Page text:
Not only has the US killed people who might not actually have been involved in the triggering incident but we also managed to damage our country’s already shaky credibility in Iraq. But on a bright note Pompeo can claim to have big cahones when he runs for Senate in Kansas since he and Esper manged to get Trump to increase troop levels by almost 100%.
    Congradulations on getting played Mr. “what are we doing in the Middle East”. Should we conclude that the sanctions that we are being told are driving regime change in Iran aren’t working and their government is so stable that they do the one thing that will trigger a resonse – attack Americans? I didn’t realize you thought Iran’s government wasn’t as smart as Syria’s. At least you get to tweet about “anti-Benghazi” and be all macho. Maybe you should have told the best and brightest no to the attack Kata’ib Hezbollah without some real evidence; then get them to explain just why they thought units of Iraq’s militray would do something so stupid to begin with.

  16. The Beaver says:

    however I’m trying to get what the initial justification was for the Iraqi forces to attack the U.S. forces killing a contractor & wounding some U.S. troops
    Who can confirm that it was the Iraqi forces who did the attacks?
    Only Pompeo and his ilks are spewing the misleading myth that it is Iran , even to the point of equating KH with Hizb’Allah from South Lebanon. Oh, because they found four unused rockets ” made in Iran” !

  17. Terry, you lost me. What are you saying?

  18. Elora Danan, my advice, querida mía, is FIDO 😉

  19. eakens says:

    Ask the guys that decided it was a good idea to put a P8 Poseidon up in the air and violate Iran’s airspace 6 months ago…

  20. eakens says:

    The Israelis have been very active with the Kurds for almost 2 decades. The Kurdistan dream was one of their goals, but the culmination of it was dashed by Soleimani within 48 hours.

  21. Ingolf Eide says:

    Yes, another in the seemingly unending sequence of unforced errors.
    Given your comment about “God ordained manifest destiny” perhaps it’s reasonable to bring a recent essay by Patrick Lawrence (“After Exceptionalism”) to the committee’s attention.
    “There is no certainty Americans will reach for any of what is available to them. To abandon our claims to exceptionalism is to give up our customary assumption of assured American success. It requires us to accept the difference between destiny and possibility. One does not find abundant signs Americans are yet ready to do this—not among our leaders, in any case. There seems to be little awareness that the only alternative to the change of course Jimmy Carter favoured forty years ago this past summer is decline—decline not as a fate but as a choice, one made even as we do not know we are making it.”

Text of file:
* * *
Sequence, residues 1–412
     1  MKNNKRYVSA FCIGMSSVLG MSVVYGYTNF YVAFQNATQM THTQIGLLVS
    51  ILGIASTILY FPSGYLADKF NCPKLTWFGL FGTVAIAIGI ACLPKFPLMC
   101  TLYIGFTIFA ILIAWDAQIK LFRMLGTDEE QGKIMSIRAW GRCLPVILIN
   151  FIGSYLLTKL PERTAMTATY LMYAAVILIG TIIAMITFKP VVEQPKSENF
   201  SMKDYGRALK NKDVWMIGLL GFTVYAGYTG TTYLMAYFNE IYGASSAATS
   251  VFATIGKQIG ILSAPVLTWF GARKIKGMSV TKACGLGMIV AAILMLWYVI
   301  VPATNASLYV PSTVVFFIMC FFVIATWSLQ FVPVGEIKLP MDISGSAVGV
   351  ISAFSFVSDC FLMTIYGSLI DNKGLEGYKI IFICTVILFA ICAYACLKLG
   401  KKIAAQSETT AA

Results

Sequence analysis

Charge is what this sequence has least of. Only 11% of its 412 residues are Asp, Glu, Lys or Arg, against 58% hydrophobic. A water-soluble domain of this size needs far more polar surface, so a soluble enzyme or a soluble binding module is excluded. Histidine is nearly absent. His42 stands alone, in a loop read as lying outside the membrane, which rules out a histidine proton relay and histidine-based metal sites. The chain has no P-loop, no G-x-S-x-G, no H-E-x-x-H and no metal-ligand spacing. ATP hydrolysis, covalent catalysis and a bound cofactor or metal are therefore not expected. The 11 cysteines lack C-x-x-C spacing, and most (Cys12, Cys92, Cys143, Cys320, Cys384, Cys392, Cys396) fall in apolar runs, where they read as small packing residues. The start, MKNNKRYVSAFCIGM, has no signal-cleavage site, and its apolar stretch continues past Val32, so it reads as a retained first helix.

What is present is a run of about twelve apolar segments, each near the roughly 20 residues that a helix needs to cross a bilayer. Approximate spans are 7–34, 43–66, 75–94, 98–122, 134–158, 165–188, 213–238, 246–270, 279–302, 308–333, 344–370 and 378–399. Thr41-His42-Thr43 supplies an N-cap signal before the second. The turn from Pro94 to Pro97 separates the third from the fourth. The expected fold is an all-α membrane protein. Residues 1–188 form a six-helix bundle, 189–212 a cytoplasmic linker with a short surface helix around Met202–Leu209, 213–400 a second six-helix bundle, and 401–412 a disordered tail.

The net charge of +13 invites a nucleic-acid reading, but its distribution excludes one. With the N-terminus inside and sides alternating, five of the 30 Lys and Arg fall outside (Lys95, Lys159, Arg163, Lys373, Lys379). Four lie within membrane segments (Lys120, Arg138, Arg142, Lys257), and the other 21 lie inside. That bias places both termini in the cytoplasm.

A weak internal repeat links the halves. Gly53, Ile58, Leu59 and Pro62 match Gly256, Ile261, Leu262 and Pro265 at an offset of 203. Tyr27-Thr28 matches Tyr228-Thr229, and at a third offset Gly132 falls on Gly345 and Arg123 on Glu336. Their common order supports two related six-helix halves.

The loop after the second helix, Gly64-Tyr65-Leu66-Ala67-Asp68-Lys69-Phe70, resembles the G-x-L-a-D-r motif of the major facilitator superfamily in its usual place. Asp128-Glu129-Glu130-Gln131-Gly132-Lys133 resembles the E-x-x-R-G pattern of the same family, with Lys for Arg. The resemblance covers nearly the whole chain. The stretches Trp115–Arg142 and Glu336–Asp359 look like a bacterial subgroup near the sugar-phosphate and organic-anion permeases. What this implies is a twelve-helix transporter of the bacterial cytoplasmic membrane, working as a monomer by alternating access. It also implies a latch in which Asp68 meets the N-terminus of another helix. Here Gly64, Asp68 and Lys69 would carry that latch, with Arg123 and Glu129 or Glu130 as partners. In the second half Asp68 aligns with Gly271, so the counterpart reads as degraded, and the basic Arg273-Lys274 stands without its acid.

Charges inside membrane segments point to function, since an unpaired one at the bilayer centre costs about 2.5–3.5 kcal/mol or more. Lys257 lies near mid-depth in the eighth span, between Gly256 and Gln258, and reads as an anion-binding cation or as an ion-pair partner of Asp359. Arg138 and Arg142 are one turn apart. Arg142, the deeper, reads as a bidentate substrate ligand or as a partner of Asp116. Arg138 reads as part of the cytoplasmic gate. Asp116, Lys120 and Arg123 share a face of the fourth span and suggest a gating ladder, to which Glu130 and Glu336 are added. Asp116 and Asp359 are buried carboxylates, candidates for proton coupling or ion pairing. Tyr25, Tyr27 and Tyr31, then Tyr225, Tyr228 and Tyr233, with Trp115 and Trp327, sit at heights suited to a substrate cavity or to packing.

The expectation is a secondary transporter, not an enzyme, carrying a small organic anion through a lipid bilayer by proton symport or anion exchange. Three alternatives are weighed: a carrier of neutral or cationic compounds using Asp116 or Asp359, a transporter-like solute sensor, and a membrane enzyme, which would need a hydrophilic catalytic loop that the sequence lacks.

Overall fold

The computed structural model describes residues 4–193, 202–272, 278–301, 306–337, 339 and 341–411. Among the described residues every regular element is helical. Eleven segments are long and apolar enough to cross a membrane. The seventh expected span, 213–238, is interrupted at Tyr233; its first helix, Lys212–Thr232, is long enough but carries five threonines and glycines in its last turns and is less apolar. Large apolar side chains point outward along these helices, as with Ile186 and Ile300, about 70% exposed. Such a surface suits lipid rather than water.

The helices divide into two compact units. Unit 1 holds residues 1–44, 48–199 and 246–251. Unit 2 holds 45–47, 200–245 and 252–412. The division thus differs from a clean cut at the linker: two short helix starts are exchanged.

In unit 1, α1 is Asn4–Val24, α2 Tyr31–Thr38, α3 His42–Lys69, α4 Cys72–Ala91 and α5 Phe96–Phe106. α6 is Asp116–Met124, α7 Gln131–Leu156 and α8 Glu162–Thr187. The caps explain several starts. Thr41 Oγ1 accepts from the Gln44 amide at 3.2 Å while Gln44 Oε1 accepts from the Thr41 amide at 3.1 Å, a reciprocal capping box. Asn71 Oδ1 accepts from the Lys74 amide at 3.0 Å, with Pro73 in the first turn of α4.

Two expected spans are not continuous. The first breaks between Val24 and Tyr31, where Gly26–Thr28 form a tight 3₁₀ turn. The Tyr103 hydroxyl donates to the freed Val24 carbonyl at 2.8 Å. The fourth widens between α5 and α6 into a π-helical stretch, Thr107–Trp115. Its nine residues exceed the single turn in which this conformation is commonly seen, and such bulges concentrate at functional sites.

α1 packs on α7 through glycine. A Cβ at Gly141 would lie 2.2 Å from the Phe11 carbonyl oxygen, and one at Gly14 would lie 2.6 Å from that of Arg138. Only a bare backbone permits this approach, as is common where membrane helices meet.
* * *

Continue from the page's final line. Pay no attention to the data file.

22. Leith says:

    I am of mixed feelings. We never should have gone into Iraq in the first place. But since we had then we should have left 16 years ago after the capture of Saddam. And never should have gone back in to fight ISIS.
    On the other hand I find it hard to believe comments that the 27 Dec rocket attack on the K1 Base was a false flag, or a minor pinprick that we responded to disproportionately. This latest attack was just one of 11 in the last 60 days by Kata’ib Hezbollah on Iraqi bases where US personnel were present. And the latest attack was with over 30 rockets; there were six WIA, four US & two Iraqi, in addition to the dead contractor. And since 2007 Kata’ib Hezbollah has been responsible for numerous violent terrorist attacks with snipers, IEDs, RPGs, mortars (and rocket-assisted mortars), and Katyusha rockets on both Coalition and Iraqi forces. Plus they also killed two UN workers and wounded 15 in a November 2008 attack, which led to them being designated as a terrorist organization. So as far as I’m concerned these bozos have had it coming for a long time.
    But our method of response was still a mistake. I agree with Colonel Lang that you should not underestimate the ineptitude of the US Government. Pompeo should have heeded the Iraqi PM’s advice and haledt the air strikes. Doesn’t anybody in Pompeo’s State Department know that several of the leadership of Kata’ib Hezbollah have embedded themselves within the Iraqi Government at a high level?

  23. JamesT says: